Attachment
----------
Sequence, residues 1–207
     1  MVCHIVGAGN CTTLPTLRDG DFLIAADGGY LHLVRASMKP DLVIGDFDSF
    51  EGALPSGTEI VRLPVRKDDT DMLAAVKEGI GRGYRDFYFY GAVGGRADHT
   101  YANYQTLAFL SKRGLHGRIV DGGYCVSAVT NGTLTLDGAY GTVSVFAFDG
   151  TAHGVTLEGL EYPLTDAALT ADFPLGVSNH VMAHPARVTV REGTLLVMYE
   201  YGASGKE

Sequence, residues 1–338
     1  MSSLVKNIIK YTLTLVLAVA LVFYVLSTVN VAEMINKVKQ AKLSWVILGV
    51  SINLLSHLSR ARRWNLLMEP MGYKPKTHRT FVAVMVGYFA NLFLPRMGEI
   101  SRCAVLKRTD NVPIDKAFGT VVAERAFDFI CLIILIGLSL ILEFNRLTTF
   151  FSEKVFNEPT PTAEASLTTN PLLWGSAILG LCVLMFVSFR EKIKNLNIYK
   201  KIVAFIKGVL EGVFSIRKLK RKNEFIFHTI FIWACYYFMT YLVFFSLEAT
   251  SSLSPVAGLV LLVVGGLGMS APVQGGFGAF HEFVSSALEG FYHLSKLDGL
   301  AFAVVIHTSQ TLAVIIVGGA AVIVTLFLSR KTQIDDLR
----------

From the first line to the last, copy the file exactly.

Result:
Sequence, residues 1–207
     1  MVCHIVGAGN CTTLPTLRDG DFLIAADGGY LHLVRASMKP DLVIGDFDSF
    51  EGALPSGTEI VRLPVRKDDT DMLAAVKEGI GRGYRDFYFY GAVGGRADHT
   101  YANYQTLAFL SKRGLHGRIV DGGYCVSAVT NGTLTLDGAY GTVSVFAFDG
   151  TAHGVTLEGL EYPLTDAALT ADFPLGVSNH VMAHPARVTV REGTLLVMYE
   201  YGASGKE

Sequence, residues 1–338
     1  MSSLVKNIIK YTLTLVLAVA LVFYVLSTVN VAEMINKVKQ AKLSWVILGV
    51  SINLLSHLSR ARRWNLLMEP MGYKPKTHRT FVAVMVGYFA NLFLPRMGEI
   101  SRCAVLKRTD NVPIDKAFGT VVAERAFDFI CLIILIGLSL ILEFNRLTTF
   151  FSEKVFNEPT PTAEASLTTN PLLWGSAILG LCVLMFVSFR EKIKNLNIYK
   201  KIVAFIKGVL EGVFSIRKLK RKNEFIFHTI FIWACYYFMT YLVFFSLEAT
   251  SSLSPVAGLV LLVVGGLGMS APVQGGFGAF HEFVSSALEG FYHLSKLDGL
   301  AFAVVIHTSQ TLAVIIVGGA AVIVTLFLSR KTQIDDLR